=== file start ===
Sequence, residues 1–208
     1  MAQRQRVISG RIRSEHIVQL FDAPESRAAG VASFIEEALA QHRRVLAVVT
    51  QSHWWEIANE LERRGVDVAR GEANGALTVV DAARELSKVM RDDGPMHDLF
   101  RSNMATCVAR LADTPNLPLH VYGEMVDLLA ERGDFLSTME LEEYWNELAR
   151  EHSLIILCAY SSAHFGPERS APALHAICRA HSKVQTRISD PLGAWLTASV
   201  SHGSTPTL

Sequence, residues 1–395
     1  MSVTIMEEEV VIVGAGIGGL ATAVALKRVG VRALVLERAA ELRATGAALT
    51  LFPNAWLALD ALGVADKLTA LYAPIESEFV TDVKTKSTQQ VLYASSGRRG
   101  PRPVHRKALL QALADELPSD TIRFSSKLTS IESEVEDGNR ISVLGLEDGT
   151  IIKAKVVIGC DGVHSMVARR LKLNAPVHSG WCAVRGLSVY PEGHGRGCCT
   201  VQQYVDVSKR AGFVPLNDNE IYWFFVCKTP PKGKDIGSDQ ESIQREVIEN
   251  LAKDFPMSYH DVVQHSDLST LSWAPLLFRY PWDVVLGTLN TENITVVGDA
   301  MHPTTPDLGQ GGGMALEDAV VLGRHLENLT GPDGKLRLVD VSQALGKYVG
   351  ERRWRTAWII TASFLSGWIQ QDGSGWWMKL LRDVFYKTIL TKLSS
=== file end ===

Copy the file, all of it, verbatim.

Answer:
Sequence, residues 1–208
     1  MAQRQRVISG RIRSEHIVQL FDAPESRAAG VASFIEEALA QHRRVLAVVT
    51  QSHWWEIANE LERRGVDVAR GEANGALTVV DAARELSKVM RDDGPMHDLF
   101  RSNMATCVAR LADTPNLPLH VYGEMVDLLA ERGDFLSTME LEEYWNELAR
   151  EHSLIILCAY SSAHFGPERS APALHAICRA HSKVQTRISD PLGAWLTASV
   201  SHGSTPTL

Sequence, residues 1–395
     1  MSVTIMEEEV VIVGAGIGGL ATAVALKRVG VRALVLERAA ELRATGAALT
    51  LFPNAWLALD ALGVADKLTA LYAPIESEFV TDVKTKSTQQ VLYASSGRRG
   101  PRPVHRKALL QALADELPSD TIRFSSKLTS IESEVEDGNR ISVLGLEDGT
   151  IIKAKVVIGC DGVHSMVARR LKLNAPVHSG WCAVRGLSVY PEGHGRGCCT
   201  VQQYVDVSKR AGFVPLNDNE IYWFFVCKTP PKGKDIGSDQ ESIQREVIEN
   251  LAKDFPMSYH DVVQHSDLST LSWAPLLFRY PWDVVLGTLN TENITVVGDA
   301  MHPTTPDLGQ GGGMALEDAV VLGRHLENLT GPDGKLRLVD VSQALGKYVG
   351  ERRWRTAWII TASFLSGWIQ QDGSGWWMKL LRDVFYKTIL TKLSS